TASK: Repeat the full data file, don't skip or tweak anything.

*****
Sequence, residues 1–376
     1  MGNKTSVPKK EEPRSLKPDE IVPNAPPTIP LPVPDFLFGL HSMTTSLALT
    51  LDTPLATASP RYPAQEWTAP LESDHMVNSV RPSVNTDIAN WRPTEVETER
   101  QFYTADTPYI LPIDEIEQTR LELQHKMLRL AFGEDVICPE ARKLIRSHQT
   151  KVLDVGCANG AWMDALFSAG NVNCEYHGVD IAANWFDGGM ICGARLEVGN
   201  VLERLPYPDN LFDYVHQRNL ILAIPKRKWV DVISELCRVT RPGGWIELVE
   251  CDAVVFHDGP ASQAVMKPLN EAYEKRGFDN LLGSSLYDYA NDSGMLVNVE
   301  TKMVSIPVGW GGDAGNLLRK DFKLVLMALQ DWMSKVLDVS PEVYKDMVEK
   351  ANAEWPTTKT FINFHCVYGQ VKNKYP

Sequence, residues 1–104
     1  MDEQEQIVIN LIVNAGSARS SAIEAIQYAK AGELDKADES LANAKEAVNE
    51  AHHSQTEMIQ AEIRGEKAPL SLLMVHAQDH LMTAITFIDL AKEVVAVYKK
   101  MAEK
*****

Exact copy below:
Sequence, residues 1–376
     1  MGNKTSVPKK EEPRSLKPDE IVPNAPPTIP LPVPDFLFGL HSMTTSLALT
    51  LDTPLATASP RYPAQEWTAP LESDHMVNSV RPSVNTDIAN WRPTEVETER
   101  QFYTADTPYI LPIDEIEQTR LELQHKMLRL AFGEDVICPE ARKLIRSHQT
   151  KVLDVGCANG AWMDALFSAG NVNCEYHGVD IAANWFDGGM ICGARLEVGN
   201  VLERLPYPDN LFDYVHQRNL ILAIPKRKWV DVISELCRVT RPGGWIELVE
   251  CDAVVFHDGP ASQAVMKPLN EAYEKRGFDN LLGSSLYDYA NDSGMLVNVE
   301  TKMVSIPVGW GGDAGNLLRK DFKLVLMALQ DWMSKVLDVS PEVYKDMVEK
   351  ANAEWPTTKT FINFHCVYGQ VKNKYP

Sequence, residues 1–104
     1  MDEQEQIVIN LIVNAGSARS SAIEAIQYAK AGELDKADES LANAKEAVNE
    51  AHHSQTEMIQ AEIRGEKAPL SLLMVHAQDH LMTAITFIDL AKEVVAVYKK
   101  MAEK